Since seeing the photos of central London’s pedestrian rammed streets over the last couple of weeks, I had a sharp reminder of why I decided to change my career and, in fact, my whole life. London’s tube strikes are a stark reminder of everything I wanted to get away from. The humdrum routine of daily life, long winters and short drizzly summers were just a small part of it. External factors definitely played their part in my decision to pack my bags and try pastures new, but the internal factors probably had much more to do with it. I made good money in England and had what most people would consider a comfortable lifestyle. However, I just didn’t feel that I was as content as I should be.
There had to be a way to change careers that would better suit my passions, my love for nature and my desire to invoke passion and ambition in others. The main things holding me back were fear of the unknown and force of habit. Once I made the leap, however, I wished I had done it so much sooner.
Here are 4 signs it might be time for a career change:
- You simply hate your job
If you find yourself dreading work as you make your morning commute, perhaps it’s time to look for something new. If that tight ball of anxiety is brewing as early as Sunday (as it did for me) then something isn’t right.
Life is too short to spend it being unhappy, stressed and unfulfilled and, in fact, stress itself can make life even shorter!
- You have no work/life balance
This is a common problem in today’s fast-paced world. Since the crash in 2008, many employers downsized and the result was smaller teams with a growing workload as the economy struggled to recover.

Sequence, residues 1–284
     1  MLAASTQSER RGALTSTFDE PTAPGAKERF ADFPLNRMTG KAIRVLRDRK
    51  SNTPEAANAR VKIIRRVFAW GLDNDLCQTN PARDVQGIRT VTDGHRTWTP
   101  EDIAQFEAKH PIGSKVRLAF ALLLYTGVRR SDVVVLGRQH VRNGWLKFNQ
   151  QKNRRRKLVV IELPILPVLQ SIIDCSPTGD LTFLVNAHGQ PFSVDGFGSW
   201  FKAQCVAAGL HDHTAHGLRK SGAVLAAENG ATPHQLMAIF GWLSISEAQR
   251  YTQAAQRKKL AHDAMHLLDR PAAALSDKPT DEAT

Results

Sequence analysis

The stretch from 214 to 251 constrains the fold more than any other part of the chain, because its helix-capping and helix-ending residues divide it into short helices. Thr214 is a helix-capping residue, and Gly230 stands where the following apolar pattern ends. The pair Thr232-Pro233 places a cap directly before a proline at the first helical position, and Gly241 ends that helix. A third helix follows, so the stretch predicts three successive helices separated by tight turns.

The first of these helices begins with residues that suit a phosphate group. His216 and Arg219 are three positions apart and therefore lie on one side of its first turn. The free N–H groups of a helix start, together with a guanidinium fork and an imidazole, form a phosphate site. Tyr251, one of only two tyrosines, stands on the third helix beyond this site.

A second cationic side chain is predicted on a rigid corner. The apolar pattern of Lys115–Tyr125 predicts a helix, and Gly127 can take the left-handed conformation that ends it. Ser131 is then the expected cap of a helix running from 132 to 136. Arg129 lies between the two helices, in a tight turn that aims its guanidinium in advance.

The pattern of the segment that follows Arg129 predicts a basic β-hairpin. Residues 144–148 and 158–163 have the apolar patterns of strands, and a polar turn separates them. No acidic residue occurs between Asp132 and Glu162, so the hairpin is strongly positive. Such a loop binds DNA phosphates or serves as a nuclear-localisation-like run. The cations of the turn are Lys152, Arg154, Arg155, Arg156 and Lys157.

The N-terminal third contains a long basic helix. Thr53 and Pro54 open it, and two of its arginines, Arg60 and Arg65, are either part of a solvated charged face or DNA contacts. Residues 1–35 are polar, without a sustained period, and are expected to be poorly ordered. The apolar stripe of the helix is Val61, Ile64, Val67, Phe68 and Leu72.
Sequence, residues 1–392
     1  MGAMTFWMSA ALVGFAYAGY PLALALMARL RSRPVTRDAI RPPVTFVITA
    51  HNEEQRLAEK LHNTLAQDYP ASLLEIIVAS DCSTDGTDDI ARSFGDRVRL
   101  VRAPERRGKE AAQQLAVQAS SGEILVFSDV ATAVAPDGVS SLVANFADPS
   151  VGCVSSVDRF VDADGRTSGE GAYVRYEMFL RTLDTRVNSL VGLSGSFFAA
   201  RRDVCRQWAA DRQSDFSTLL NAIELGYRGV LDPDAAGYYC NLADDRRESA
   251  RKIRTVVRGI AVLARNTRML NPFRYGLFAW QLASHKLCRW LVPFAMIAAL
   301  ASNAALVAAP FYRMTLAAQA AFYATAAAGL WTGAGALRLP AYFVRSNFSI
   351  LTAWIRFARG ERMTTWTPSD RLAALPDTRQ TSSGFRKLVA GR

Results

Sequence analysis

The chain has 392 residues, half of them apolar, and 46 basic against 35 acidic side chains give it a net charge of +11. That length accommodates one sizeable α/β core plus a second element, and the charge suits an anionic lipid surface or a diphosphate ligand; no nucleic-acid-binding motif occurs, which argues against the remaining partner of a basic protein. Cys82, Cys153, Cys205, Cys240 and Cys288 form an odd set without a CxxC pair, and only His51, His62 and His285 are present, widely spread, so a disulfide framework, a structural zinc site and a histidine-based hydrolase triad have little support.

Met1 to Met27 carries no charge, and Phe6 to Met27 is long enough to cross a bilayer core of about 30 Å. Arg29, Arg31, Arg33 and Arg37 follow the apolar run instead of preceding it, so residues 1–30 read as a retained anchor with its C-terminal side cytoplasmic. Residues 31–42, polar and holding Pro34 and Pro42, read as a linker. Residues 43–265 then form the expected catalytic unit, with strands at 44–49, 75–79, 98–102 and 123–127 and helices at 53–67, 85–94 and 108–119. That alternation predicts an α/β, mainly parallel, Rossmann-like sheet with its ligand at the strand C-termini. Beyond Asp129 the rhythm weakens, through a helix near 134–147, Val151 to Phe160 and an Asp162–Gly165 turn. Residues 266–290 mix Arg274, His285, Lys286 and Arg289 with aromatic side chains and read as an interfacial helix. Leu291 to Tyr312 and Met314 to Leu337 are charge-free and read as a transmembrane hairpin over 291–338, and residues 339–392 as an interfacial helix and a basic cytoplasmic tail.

One of the most common reasons Scuba Futures’ candidates want to become a PADI Pro is that the lifestyle is completely different. Sure, there can be long days and there is a good deal of responsibility placed on dive professionals, but if the work itself is fun and rewarding, the balance between work and leisure is restored.
- You’re only in it for the money
Now, there is nothing wrong with this, if it’s what really drives you. The fact of the matter is, most people are not driven by financial reward alone. There were many times during my career in advertising that the rewards well extended beyond the nice remuneration package, but in the last few years, I knew I was just going through the motions for the paycheck.
The result was a lack of fulfilment and the beginnings of self-loathing. The money was good, but I spent it fast in order to reward myself for getting through another week in a job that my heart just wasn’t in anymore.
- You’ve discovered a new passion
For me, this was the real tipping point! Discovering scuba diving on a holiday in Koh Phangan six years ago started me off in a whole new direction. When I got back to the UK, it was all I could think about. I would daydream about it, bore my non-diving friends with endless lists of marine life I had encountered and started a ‘get me outta here’ spread sheet so I could save up to take the training, move abroad and start a new life.
Sometimes I get told my decision was brave, some people tell me I am ‘lucky’ to live in a paradise island doing a job I love. The truth is that I am not brave. It was scary to leave behind everything I knew and a stable job, but it would have taken even more courage to stay in a situation that couldn’t make me happy anymore. As for luck, yes, there is always an element of that in any situation, but most of it was decisiveness and dogged determination!